After drifting inconspicuously sideways for the past few months the Russian rouble came under appreciable selling pressure at the beginning of August. This uncertainty surrounding the Russian currency is mainly due to the coincidence in time of two events: The USA’s tougher sanctions policy and the massive depreciation of the Turkish lira.
In our view, the rouble would be well advised to get prepared for ongoing headwind in the next few months. This assessment is primarily prompted by the US Congressional elections scheduled for the beginning of November. We assume that the USA will continue to follow a tough line on sanctions against Russia in the run up to the elections. Besides the uncertainty about what further penalties the Russian economy and its financial markets could still be confronted with, the already ailing rouble is also likely to have a hard time in the autumn months due to the lira’s continuing problems and the hugely soured EM sentiment that is associated with this.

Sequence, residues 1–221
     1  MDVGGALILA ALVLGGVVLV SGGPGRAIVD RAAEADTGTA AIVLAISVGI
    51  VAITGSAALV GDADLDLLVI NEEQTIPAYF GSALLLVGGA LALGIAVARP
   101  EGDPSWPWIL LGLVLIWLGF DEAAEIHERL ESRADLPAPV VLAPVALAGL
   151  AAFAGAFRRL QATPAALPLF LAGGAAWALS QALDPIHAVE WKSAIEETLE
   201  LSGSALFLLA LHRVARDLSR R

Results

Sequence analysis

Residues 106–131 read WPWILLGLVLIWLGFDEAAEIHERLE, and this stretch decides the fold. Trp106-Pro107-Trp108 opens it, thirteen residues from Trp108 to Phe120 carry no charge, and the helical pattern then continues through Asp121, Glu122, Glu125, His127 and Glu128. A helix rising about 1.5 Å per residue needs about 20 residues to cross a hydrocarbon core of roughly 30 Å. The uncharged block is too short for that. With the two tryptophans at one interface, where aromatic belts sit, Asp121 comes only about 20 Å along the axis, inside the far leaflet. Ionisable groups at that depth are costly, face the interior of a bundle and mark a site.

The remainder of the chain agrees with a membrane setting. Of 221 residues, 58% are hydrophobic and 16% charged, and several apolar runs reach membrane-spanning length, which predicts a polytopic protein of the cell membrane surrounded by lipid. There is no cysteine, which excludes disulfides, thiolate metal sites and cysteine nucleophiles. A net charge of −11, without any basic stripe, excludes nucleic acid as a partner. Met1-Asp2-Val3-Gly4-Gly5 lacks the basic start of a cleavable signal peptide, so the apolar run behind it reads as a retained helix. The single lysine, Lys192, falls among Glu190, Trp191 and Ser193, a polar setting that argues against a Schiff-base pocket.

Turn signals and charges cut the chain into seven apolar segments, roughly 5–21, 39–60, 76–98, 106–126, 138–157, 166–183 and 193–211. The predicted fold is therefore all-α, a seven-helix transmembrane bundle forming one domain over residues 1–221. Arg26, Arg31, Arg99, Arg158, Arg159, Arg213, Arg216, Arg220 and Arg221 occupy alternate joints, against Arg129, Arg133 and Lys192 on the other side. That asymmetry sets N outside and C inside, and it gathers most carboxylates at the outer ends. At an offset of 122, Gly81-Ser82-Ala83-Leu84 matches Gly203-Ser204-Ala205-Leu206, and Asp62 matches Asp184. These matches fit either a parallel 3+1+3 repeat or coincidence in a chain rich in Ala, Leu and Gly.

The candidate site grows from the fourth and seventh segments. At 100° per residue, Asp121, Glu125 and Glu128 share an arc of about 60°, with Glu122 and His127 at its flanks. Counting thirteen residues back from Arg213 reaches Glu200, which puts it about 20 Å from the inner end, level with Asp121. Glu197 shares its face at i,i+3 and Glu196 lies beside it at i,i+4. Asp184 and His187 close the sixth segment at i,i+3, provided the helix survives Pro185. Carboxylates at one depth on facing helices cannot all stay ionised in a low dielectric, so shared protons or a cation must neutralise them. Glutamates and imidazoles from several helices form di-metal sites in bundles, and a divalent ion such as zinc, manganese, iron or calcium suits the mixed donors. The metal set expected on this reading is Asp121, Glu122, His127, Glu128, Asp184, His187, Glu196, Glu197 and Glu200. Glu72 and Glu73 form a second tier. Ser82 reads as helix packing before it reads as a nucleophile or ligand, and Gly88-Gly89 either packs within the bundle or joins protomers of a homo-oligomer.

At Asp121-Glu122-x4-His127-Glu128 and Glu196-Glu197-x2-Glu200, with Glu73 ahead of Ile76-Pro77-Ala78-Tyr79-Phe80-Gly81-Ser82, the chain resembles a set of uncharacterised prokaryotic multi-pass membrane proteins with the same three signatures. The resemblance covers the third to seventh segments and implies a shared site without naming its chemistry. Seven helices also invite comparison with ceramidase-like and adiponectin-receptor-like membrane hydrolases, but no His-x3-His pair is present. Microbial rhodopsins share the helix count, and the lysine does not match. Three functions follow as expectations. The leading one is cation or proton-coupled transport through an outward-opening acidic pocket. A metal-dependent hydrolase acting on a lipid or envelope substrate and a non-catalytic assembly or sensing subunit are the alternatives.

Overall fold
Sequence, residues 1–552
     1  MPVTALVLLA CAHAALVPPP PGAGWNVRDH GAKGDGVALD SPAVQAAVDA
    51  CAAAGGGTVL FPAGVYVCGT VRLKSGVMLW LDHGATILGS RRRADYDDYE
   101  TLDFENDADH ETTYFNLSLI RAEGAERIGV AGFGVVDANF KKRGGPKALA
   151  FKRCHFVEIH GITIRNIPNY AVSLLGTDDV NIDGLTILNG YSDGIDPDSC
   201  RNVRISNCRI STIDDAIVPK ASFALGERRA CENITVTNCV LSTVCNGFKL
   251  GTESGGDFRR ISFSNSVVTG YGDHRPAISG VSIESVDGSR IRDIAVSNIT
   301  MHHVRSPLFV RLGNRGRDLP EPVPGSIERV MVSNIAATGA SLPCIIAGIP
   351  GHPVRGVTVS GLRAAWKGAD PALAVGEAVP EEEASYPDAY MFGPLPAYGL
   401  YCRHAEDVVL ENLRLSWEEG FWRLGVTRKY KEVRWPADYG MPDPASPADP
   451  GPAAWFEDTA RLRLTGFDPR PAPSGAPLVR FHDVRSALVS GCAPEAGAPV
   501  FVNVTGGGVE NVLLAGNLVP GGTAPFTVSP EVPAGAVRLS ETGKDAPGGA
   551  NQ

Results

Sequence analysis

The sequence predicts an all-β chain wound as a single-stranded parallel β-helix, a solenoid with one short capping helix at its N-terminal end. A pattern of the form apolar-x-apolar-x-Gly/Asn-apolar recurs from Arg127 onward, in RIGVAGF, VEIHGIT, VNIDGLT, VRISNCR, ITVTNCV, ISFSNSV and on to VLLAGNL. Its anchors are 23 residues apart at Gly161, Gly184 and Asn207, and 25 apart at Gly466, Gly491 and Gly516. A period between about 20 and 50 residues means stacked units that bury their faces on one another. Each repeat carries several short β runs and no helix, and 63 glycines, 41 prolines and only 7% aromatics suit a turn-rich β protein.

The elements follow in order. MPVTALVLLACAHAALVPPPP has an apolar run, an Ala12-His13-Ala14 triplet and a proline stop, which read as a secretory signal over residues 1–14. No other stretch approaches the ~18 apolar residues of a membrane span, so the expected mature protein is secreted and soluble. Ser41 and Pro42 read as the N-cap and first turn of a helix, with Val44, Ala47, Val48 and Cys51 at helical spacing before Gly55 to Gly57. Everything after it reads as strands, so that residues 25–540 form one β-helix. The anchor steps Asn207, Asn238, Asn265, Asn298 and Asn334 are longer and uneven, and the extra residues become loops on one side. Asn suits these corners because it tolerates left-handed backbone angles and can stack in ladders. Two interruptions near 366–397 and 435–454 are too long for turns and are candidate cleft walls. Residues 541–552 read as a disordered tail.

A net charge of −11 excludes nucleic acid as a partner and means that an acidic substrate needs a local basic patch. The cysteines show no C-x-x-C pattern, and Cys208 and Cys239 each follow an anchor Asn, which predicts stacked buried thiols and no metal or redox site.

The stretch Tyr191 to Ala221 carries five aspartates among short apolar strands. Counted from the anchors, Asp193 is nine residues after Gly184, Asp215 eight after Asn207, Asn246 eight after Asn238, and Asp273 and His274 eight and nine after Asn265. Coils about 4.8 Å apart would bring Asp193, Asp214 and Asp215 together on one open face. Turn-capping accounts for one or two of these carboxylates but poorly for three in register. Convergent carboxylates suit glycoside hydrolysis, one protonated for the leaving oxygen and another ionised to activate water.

Although the rouble is likely to have a fairly hard time for the rest of the year, nevertheless in the medium term we do not expect any sell-off of the Russian currency. Our assessment is based on the assumption that the current lira crisis will not turn into a sustained emerging markets crisis. On the other hand, we assume that the USA will not tighten its sanctions hugely in the wake of the Congressional elections. Although a sustained escalation of US sanctions against Russia remains a risk factor for the rouble, at the end of the day the USA is also unlikely to have any interest in a permanent deterioration in US-Russian relations and will, therefore, ultimately be interested in finding a constructive solution. In this environment the market should then also be fairly willing to reconsider the rouble’s plus points. These include what we assess as continued solid oil price trend, Russia’s key fiscal figures, which are advantageous compared to other EM countries, and the country’s solid external position. Also worthy of mention in this context is the Russian central bank, which the markets regards as credible, and the comparatively high real interest rate level in Russia.